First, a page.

KUALA LUMPUR: Barely eight months have passed since Aireen Omar was promoted to the role of deputy group chief executive officer of AirAsia Group Bhd, seven years after being at the helm of the group’s Malaysian operations. Yet she has lost no time in jetsetting between home and the US, relentlessly pursuing opportunities for AirAsia’s digital ventures.
In her first face-to-face media interview since her promotion, Aireen outlined how AirAsia’s aggressive digital push will not only boost its revenue, but transform the company via its digital venture arm, RedBeat Ventures.
While it is not a formal entity as yet, RedBeat Ventures will house the group’s non-airline digital businesses, acting both as an investor and an incubator for some of its start-ups, Aireen explained.
“In terms of percentage, 20% of AirAsia’s revenue comes from ancillary [services]. You could easily see that double up once we get all our RedBeat Ventures companies up and running well,” she told The Edge Financial Daily. For the group’s first quarter ended March 31, 2018, ancillary revenue grew 11% to RM505.1 million from RM454.6 million a year ago.
The group’s internal restructuring has so far seen AirAsia Group Bhd assume the listing status of AirAsia Bhd on Bursa Malaysia’s Main Market. Although a complete formal reorganisation has yet to occur, AirAsia has been lucid about its intention to house units such as travel portals travel360 and Vidi, logistics arms Redbox and Red Cargo, online Wi-Fi provider Rokki, retail portal Ourshop, as well as digital wallet BigPay and point programme BIG Loyalty under RedBeat Ventures.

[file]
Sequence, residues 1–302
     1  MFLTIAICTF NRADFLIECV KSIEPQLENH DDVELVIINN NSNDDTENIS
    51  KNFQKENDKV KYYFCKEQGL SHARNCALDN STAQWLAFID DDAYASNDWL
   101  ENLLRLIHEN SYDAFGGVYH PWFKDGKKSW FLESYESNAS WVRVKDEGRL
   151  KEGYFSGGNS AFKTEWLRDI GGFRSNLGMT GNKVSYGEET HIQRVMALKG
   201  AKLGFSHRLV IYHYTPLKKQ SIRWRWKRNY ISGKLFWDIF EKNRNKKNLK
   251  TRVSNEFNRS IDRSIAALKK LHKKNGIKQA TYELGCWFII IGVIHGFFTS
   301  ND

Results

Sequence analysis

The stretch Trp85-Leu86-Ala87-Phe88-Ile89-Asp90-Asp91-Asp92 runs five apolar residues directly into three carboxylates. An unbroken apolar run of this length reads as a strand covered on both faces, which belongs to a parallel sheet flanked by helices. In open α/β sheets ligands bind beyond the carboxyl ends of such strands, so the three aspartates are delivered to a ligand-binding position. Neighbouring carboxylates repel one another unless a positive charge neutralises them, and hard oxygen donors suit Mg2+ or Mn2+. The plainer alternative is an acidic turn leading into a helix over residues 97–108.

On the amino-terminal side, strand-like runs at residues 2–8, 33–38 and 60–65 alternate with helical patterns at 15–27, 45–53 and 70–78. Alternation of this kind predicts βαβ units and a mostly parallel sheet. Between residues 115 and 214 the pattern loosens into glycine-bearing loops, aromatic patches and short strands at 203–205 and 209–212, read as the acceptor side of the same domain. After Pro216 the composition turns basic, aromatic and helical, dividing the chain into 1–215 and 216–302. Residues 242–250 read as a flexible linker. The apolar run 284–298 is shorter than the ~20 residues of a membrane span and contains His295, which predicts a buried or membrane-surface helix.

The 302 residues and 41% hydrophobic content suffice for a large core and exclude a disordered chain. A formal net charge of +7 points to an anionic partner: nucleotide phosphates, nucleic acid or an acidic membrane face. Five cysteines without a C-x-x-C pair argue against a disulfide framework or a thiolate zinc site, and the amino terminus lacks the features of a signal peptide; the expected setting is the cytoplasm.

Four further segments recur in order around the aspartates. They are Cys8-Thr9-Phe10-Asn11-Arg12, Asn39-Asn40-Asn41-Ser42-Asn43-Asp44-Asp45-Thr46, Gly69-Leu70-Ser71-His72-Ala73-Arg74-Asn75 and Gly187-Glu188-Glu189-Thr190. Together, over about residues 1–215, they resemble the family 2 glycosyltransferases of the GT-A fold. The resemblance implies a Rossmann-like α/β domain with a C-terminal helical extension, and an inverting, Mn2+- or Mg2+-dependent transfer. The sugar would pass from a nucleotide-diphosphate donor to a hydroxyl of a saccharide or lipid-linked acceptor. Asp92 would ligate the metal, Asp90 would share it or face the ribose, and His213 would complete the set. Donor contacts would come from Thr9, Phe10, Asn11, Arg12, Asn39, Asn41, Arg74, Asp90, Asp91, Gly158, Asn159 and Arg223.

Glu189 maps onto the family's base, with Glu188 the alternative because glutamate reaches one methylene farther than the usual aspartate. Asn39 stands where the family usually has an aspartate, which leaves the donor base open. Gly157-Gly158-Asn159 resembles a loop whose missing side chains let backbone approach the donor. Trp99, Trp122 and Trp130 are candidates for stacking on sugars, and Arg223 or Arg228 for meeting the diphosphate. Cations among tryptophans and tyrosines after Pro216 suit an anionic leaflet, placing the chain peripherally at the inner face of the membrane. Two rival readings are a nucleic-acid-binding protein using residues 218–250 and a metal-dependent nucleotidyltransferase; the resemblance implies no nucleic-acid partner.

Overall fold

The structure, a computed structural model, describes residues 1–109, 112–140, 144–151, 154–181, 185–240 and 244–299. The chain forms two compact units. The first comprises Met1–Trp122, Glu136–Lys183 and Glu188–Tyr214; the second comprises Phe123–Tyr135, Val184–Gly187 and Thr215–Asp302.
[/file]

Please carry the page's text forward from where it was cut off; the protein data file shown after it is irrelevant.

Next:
As a start, the group is focused on growing volume of its digital offerings instead of worrying about profit margins.
Aireen admitted that the take-up rate of some of its services such as Rokki is “still quite small, at a single-digit percentage”, but believes that this will change as AirAsia targets to have almost all of its planes equipped with Wi-Fi by the end of this year, at least for Malaysia. The group expects to carry some 90 million passengers this year.
“We would not go there (digital products) if there is no good revenue base that we can create and grow,” Aireen said. As such, Southeast Asia is an ideal base, as it not only has a young, burgeoning middle class and a population of over 600 million people, but also a geographical landscape of island nations that supports greater air travel.
A key theme behind several upcoming partnerships AirAsia will be announcing is the use of its data to help improve key decision-making for both commercial and operational purposes.
“We realise, as we grow throughout the years, that we have got a lot of data — from our passengers, from our operations, from the aircraft. And we own that data,” Aireen said, adding that 80% of the group’s bookings are done digitally.
The question, Aireen said, is how the group could serve its passengers better using the data, in addition to creating new revenue bases, improving operational efficiency and productivity, as well as developing services that are cost-efficient, straightforward and scalable.